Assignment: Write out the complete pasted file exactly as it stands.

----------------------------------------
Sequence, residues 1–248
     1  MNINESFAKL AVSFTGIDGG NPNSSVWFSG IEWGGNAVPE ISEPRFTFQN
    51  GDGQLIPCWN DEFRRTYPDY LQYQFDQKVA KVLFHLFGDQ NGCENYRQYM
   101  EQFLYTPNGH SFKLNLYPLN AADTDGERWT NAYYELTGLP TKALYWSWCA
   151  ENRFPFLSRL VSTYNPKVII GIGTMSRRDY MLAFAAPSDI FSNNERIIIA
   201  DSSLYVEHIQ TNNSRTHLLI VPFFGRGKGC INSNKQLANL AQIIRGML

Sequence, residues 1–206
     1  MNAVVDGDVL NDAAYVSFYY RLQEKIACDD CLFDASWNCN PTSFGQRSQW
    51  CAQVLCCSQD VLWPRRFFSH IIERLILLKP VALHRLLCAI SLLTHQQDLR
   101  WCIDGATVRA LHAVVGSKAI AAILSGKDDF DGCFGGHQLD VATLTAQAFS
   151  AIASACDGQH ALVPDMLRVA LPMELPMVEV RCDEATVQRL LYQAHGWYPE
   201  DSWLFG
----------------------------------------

Sequence, residues 1–248
     1  MNINESFAKL AVSFTGIDGG NPNSSVWFSG IEWGGNAVPE ISEPRFTFQN
    51  GDGQLIPCWN DEFRRTYPDY LQYQFDQKVA KVLFHLFGDQ NGCENYRQYM
   101  EQFLYTPNGH SFKLNLYPLN AADTDGERWT NAYYELTGLP TKALYWSWCA
   151  ENRFPFLSRL VSTYNPKVII GIGTMSRRDY MLAFAAPSDI FSNNERIIIA
   201  DSSLYVEHIQ TNNSRTHLLI VPFFGRGKGC INSNKQLANL AQIIRGML

Sequence, residues 1–206
     1  MNAVVDGDVL NDAAYVSFYY RLQEKIACDD CLFDASWNCN PTSFGQRSQW
    51  CAQVLCCSQD VLWPRRFFSH IIERLILLKP VALHRLLCAI SLLTHQQDLR
   101  WCIDGATVRA LHAVVGSKAI AAILSGKDDF DGCFGGHQLD VATLTAQAFS
   151  AIASACDGQH ALVPDMLRVA LPMELPMVEV RCDEATVQRL LYQAHGWYPE
   201  DSWLFG